It was a nightmare day for airport authorities and passengers the day Xi Jinping left Nepal.
On Sunday, October 13, when Chinese President Xi Jinping left Kathmandu, the country’s only international airport turned chaotic. Tribhuvan International Airport had aeroplanes and people stuck in air traffic and on the ground. Quite naturally, the people were left frustrated. Having arrived that day from New Delhi, I knew I would be facing a long ordeal before I got home. I tried to keep myself busy and occupied throughout, and tried not to think about the circumstance. But when I reached the immigration counter at the airport, 10 hours from the time I left my hotel in Delhi, I snapped. There was a riot at the counters. The frustrated immigration officer at the Nepali citizen counter was clueless and hence, more interested in shirking his responsibilities. I got hold of the officer in charge and, as every immigration officer that evening told me, he was equally lost as to how to manage the affairs.
It was very clear that 11 flights would land in one and a half hours, which meant that around 2,500 passengers would hit the immigration counters at the same time. The immigration officer kept fighting with the passengers. Instead of attempting to alleviate the situation, he was openly pondering as to why people chose to travel on that day. I tried to calm him and remind him that the situation could be worse if the crowd lost its cool. I then decided to volunteer to control the crowd. For the next hour, I was at the immigration counter ensuring that queues were respected, and the old, sick and people with children received preference. The immigration officer was thankful and grateful, and so were many tourists. But what was alarming was that two tourists decided to offer me tips—one Rs1,000 and the other $10. Apparently, they were under the impression that, in Nepal, you need to pay to get things expedited. The situation in the baggage claim wasn’t much better. People’s luggage had been scattered all over the room, with no one there to answer queries. I was too exhausted to volunteer anymore—I spent the next twenty minutes to find my bag across the piles of bags. It had been over twelve hours since I started on the journey to take this one hour-plus long flight.
Many questions kept nagging me that night and kept me awake. First, and most important of all, why does anyone still choose to live in Nepal when there are so many alternatives across the world? It is very difficult to continuously convince oneself as to what are comparative advantages in terms of quality of life, personal or professional. Is it that Nepalis don’t care for civic sense? Why is it that while Nepal’s GDP has grown three-fold in the past 15 years and people have better education, their civic sense has plummeted? Why is it that people who follow rules of queuing in every other airport around the world at immigration and security counters just go berserk when they come to Nepal? Why is it that people get so selfish that they would do anything to jump the queue, from threatening staff to bribing them?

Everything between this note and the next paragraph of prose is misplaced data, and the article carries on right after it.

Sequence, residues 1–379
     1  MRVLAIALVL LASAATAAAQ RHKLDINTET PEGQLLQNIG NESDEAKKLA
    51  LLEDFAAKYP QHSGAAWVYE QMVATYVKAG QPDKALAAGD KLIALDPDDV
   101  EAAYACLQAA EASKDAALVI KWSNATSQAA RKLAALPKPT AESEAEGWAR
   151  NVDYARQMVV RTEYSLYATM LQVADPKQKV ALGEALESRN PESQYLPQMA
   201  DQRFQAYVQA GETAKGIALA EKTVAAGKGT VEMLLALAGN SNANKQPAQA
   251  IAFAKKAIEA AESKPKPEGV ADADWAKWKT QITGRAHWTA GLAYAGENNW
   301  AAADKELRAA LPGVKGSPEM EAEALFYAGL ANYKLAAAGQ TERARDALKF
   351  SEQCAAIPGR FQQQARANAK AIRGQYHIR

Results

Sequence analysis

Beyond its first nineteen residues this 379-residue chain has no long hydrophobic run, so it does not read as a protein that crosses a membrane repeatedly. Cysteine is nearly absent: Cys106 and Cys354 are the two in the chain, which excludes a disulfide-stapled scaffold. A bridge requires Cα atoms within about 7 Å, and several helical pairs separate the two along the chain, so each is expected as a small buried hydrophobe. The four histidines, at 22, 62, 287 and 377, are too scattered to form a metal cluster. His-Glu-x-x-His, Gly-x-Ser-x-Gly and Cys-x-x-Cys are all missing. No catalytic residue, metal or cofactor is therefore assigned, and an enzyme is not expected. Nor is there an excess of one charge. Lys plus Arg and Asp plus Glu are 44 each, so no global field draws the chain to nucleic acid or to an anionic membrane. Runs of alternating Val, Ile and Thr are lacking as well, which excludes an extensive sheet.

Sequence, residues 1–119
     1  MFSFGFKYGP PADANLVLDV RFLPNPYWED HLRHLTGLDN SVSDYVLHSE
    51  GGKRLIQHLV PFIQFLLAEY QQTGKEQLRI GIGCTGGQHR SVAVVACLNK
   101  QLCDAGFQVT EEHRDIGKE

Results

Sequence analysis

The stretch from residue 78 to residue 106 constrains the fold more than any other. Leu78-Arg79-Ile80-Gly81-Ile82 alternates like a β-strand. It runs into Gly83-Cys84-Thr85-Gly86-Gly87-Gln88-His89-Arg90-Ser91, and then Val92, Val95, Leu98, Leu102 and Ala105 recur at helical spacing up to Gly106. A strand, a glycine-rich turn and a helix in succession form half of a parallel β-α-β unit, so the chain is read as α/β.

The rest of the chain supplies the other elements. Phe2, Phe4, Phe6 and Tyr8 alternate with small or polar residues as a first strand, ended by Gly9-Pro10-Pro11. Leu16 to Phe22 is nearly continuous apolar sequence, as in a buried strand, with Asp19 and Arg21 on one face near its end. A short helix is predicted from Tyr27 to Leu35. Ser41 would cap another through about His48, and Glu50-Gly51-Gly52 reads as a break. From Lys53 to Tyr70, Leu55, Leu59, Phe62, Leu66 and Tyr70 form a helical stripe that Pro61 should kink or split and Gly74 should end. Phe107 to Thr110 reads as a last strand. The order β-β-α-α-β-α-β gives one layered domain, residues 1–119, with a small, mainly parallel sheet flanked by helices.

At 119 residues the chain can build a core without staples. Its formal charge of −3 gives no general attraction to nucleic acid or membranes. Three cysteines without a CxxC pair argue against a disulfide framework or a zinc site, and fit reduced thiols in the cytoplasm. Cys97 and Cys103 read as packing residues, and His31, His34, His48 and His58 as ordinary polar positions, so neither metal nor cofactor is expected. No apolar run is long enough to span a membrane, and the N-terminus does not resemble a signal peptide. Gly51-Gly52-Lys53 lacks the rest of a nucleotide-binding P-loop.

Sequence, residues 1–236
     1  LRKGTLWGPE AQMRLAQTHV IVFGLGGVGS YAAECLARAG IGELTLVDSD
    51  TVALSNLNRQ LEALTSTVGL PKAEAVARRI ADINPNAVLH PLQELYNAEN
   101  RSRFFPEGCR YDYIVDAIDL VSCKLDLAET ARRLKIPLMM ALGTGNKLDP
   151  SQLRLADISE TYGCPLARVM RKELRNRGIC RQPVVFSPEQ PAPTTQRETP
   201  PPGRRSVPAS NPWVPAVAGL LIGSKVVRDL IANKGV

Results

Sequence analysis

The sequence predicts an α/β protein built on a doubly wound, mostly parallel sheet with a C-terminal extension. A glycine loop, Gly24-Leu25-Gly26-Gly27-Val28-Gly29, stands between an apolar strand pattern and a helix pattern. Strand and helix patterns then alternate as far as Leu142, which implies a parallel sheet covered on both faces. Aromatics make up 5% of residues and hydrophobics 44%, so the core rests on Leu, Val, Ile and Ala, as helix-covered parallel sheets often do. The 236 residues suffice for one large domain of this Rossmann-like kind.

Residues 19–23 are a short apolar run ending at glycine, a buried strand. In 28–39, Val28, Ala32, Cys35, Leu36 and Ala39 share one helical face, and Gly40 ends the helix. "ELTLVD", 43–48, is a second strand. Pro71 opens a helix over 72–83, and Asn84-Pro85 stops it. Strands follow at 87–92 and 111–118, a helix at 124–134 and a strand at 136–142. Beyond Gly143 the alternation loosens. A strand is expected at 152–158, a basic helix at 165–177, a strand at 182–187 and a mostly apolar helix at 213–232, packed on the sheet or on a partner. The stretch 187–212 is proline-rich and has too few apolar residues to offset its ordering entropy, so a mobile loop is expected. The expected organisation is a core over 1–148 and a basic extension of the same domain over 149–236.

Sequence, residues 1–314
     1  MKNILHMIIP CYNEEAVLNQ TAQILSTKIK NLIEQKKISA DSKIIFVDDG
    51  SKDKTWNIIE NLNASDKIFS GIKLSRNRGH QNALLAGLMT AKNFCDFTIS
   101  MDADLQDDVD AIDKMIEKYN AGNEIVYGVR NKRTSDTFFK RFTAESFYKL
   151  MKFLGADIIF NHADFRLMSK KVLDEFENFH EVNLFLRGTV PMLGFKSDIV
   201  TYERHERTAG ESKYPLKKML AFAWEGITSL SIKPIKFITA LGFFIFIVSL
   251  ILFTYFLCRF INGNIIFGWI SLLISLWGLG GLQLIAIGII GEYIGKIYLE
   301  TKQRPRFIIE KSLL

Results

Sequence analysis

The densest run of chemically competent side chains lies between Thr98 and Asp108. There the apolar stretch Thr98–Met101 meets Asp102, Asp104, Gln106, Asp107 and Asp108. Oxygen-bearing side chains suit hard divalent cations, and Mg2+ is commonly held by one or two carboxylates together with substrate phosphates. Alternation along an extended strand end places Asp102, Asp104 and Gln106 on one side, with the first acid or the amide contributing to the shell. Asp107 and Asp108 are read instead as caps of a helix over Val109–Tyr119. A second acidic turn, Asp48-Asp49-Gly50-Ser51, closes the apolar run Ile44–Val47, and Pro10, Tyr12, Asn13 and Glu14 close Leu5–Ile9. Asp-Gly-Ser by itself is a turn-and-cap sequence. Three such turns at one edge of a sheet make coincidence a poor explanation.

I was surprised to see that, in one instance, when I allowed a passenger in a wheelchair to skip the queue at immigration with a family member, the family produced 12 passports, and were not ashamed to do so. I was also surprised that the authorities could not plan ahead for such a day, knowing full well in advance how it would end up. What would have happened if a disaster, like an earthquake or fire, struck on such a chaotic day? It also seemed like many among the queue were non-resident Nepalis, who have no problems in abiding by their adopted countries’ rules, but who in this scenario were acting pathetically and adding to the chaos.
What needs to be done
An airport is often the point where people create their first impression of a country or region. In Kigali, Rwanda, the Rwandese are very proud of how nice and well managed their airport is. On Saturday, October 19, when I landed at Guwahati airport in Assam, India, I was surprised to see a clean orderly airport that resembled Southeast Asian airports rather than Southasian ones. A good airport is not only about decent infrastructure and hardware, but it is also about the systems, processes and people. Simply employing a proper queue management system can solve half the problems; cleaner toilets can say a lot about a country’s hygiene and sanitation. Shops and restaurants with substandard quality of products and services do not make people happy. More importantly, the authorities need to ensure that the changes are implemented consistently.
Instead of next year being a Visit Nepal Year, perhaps it would be better for the focus to change to make it an airport management year, where consistency in service provision is promoted over the year. There may not be any money made on lucrative contracts for publicity and advertisements. Neither will there be junkets to see how other airports in the world would keep their toilets clean. But there would be a sense of national pride and purpose. And perhaps the tourists coming in would automatically be inclined to promote Nepal to others.